'Mafish Saheb Yetsaheb' is one of the Mahragan genre's first and most popular tracks. The song's first verse starts with, "Friends can no longer be befriended. Men are no longer men. If he is a tough guy, then so are we. Show your weapon in its glory. If you cut me, I will cut you and ruin your face."
'Give me a microphone and I will blast'
It all started in 2008 in several working districts in big Egyptian cities like Cairo and Alexandria, where ambitious youth used only a microphone and a simple audio interface cracked on a cheap personal computer to make their voice heard.
The songs' lyrics were laden with themes of macho posturing, lust, drugs, alcohol and weapons, often using heavy slang and not necessary rhyming or being logically consistent. The songs convey a sense of reckless behaviour, sometimes wrapped in street ethics and values, and often touching on one of the genre's favourite topics: treacherous friends.
Often lacking the time or resources to learn how to sing in tune, Mahragan artists utilise digital pitch-correct plug-ins (widely known as auto-tune) adjusted for Arabic quarter-note scales. The technique is mastered only by the few producers.
"Give me a kiss, girl. Give me a piece, girl," Oka and Ortega sing in one of the earliest Mahragan hits to make it to the mainstream. After almost a decade of stardom, the duo is expected to pass the syndicate exam, with the syndicate head saying that they are better than some of their counterparts.
Almost a decade ago, before trends gained popularity on social media, the ideal marketing platform for the newly born Mahragan genre was the tuk tuk, one of Egypt's cheapest and most widespread forms of public transportation. Tuk tuk drivers, many of whom are teenagers, were quick to take a liking to the genre, which they felt spoke to their worlds.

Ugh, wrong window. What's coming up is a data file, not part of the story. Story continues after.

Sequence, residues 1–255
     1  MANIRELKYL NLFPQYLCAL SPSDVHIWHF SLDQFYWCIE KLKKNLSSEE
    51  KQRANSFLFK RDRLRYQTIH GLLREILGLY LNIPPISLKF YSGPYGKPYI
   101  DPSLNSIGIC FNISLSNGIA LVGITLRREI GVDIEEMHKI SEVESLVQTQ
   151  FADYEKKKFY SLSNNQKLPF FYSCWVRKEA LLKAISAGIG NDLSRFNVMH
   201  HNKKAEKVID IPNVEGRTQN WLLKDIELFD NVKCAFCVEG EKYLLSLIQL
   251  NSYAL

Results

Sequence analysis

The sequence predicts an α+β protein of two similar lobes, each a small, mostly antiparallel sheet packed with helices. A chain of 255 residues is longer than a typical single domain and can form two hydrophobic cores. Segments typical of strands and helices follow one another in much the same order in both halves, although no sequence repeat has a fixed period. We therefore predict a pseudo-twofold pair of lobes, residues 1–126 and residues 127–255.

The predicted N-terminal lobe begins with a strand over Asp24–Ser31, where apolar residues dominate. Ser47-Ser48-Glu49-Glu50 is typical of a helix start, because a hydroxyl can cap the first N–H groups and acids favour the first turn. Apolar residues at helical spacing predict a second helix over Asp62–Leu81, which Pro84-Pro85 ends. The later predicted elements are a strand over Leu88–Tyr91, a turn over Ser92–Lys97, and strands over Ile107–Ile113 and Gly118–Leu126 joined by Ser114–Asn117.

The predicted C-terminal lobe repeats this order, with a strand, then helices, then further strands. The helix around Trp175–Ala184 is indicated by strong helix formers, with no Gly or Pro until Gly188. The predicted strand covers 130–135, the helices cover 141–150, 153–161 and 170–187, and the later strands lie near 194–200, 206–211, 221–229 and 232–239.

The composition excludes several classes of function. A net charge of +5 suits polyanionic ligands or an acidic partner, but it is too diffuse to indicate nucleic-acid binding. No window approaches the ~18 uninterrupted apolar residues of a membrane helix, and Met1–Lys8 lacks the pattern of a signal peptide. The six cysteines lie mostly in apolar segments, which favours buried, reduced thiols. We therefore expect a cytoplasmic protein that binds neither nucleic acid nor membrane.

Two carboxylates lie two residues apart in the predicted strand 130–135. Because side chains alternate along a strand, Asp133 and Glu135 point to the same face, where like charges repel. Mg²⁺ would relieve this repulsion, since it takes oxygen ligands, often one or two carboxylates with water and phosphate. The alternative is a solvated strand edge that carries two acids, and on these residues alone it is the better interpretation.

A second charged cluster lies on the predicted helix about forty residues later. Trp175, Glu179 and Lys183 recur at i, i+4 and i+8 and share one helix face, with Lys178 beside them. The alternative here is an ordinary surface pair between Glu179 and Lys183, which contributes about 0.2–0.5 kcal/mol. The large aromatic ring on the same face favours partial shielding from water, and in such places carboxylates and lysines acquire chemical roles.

The new genre, named Mahragan (translated to "festival," or "hullabaloo"), quickly gained steam, making its way into movies and TV series and gaining popularity among the upper classes. Today, the genre has come to dominate the mainstream, and is used in ads and marketing campaigns by mega-corporations.
"Give me a microphone and I will blast. This is a sweet gathering that brings all around," sing El-Swissy and Kanaka in a track with El-Madfageya.
With its simple characteristics – the auto-tune, the dry beat samples and mixing, the repetitive melody, the powerful breaks, and the monotonous rap-like vocals – the Mahragan rapidly gripped the taste of a generation, taking over not only its mother genre Shaabi, but even mainstream pop.
'Learn music or shut up'
Head of the Music Syndicate Shaker has said that "there is no inherently flawed music, but the lyrics are full of intolerable words and meanings."
Others have argued that in addition to the lyrics, some of the productions constitute a "crime" against the art form of music.
Fathy Salama, the only Arab Grammy-winning music producer, has gone even further in his criticism of the genre.
"What started as a creative fusion of Western styles like Rap, Trap or Hip Hop with the Egyptian rhythm has turned into a vapid commercial enterprise of impertinence, insipidity, silliness and ignorance," Salama told Ahram Online, insisting that anyone involved in music must have minimum criteria of knowledge and skills.